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urban sanitation

Senegal shifts its thinking: Context is everything

Oumar Diallo's picture
Editor's note: this is the second in a two-part series. Click here to read the first part, "Senegal shifts its thinking: Rural water delivery moves to private operators."
 
Photo: flickr/Julien Harnels

In the rural water sector in Senegal, as with many parts of the world that have experienced tremendous changes, context is everything. Rarely does one single act spur a shift at the government level; many elements combine to prompt a change in approach.

The PPP team in Senegal was privileged to be able to develop a brand-new system for rural water delivery in Senegal (see previous post here), but our activity was just one contributing factor in a much larger national and even international effort. The political context in Senegal, along with sustained attention to the Millennium Development Goals (MDGs), created the right atmosphere for this PPP.   
 
Here are five important elements that came together to make Senegal’s paradigm-shifting PPP possible:
  1. Government officials’ forward-thinking views. Coming up with an original plan for the delivery of rural water depended on zoning changes. Our group’s internal study showed that dividing the country into three zones would make it possible to cluster services. Government’s willingness to consider clustering pipe systems across 14 regions was critical, because it made support from the private sector a viable option.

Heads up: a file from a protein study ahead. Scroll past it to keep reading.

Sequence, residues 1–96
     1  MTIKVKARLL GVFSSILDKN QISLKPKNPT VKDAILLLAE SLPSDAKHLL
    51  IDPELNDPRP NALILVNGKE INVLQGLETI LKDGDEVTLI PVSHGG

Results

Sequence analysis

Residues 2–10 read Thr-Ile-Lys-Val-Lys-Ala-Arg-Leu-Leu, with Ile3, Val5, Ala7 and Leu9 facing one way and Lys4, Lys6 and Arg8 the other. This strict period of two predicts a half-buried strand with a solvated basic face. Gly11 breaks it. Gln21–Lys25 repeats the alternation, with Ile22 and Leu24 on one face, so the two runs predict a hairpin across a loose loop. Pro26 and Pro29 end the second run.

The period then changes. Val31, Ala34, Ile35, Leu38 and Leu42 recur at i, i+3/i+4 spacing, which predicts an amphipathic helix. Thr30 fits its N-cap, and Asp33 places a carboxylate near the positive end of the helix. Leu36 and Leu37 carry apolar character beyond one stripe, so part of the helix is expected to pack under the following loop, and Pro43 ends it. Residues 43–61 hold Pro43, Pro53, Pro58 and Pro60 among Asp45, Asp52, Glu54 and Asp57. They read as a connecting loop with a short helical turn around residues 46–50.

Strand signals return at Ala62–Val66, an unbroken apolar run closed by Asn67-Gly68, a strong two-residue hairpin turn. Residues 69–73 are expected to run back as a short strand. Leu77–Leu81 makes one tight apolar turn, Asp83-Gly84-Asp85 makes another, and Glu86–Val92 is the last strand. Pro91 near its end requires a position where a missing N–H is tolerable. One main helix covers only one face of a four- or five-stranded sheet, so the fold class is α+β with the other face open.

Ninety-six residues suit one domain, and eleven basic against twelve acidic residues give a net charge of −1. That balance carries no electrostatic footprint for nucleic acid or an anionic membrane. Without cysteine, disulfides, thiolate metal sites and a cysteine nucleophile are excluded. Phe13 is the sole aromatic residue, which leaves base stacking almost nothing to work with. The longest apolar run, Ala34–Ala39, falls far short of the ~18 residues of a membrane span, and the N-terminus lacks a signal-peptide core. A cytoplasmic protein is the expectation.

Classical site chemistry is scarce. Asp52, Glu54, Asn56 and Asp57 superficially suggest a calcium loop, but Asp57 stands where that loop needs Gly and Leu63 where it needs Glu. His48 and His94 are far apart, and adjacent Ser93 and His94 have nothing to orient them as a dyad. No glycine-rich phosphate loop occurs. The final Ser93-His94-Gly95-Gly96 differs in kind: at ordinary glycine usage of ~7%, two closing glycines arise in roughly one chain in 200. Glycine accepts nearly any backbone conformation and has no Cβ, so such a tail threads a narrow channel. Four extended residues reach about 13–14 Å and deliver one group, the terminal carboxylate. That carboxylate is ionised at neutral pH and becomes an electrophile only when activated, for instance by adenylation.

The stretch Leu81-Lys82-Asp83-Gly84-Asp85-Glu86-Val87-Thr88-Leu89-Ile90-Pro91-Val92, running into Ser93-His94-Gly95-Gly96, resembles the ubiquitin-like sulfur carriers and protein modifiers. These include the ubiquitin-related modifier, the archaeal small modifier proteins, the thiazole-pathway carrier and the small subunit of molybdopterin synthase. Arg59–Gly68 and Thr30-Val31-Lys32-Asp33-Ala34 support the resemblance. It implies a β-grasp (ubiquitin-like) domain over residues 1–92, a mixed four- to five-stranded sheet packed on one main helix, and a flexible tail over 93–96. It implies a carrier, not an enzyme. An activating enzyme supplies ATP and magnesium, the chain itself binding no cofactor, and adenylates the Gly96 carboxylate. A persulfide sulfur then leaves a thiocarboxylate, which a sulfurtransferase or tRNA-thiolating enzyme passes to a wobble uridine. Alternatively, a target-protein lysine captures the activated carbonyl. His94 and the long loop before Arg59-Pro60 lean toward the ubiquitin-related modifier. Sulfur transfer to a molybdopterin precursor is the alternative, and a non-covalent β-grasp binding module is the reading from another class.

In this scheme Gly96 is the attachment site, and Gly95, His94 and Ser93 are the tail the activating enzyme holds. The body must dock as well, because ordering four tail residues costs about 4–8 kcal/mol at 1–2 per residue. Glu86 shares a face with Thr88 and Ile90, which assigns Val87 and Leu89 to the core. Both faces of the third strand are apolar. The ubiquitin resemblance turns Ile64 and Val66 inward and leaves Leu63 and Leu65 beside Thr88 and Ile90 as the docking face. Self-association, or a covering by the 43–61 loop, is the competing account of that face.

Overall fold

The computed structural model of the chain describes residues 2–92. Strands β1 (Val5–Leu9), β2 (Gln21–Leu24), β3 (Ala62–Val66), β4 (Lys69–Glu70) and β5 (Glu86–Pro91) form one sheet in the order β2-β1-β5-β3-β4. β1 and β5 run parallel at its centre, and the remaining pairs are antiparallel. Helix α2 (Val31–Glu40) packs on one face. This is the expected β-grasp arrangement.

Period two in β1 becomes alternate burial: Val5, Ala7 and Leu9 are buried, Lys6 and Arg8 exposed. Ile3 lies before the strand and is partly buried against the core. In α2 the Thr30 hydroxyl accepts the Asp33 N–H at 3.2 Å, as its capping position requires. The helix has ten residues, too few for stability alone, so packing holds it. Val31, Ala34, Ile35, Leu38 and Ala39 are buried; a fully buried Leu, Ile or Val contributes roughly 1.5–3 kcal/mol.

Why Fecal Sludge Management is Serious Business

Brian Arbogast's picture

Brian Arbogast is the Director of the Water, Sanitation and Hygiene program at the Bill & Melinda Gates Foundation.

At the Water Summit held in Budapest on October 8 this year, UN Secretary-General Ban Ki-Moon called for action on the urgent issue of sanitation to underpin human dignity and health, noting that “It is plain that investment in sanitation is a down-payment on a sustainable future.  Economists estimate that every dollar spent can bring a five-fold return.”

5 Reasons Why Just Building Toilets Won’t Improve Urban Sanitation

Peter Hawkins's picture

It’s widely reported that most of the world’s population lives in urban areas. UN-Habitat estimates that 40% of urban dwellers live in slums, and that number is growing by more than 20 million people per year. Perhaps, less commonly reported is that while population is growing rapidly, urban sanitation coverage has only increased slightly.
 
While toilet access is generally higher in urban areas as compared to rural, sanitary conditions in urban areas are aggravated by high-density living, inadequate septage and solid waste management, and poor drainage. Recent analysis by WSP concludes that to make any significant impact it is essential to adopt a multi-dimensional approach to this complex problem. Here are five reasons why urban sanitation is about more than building a toilet.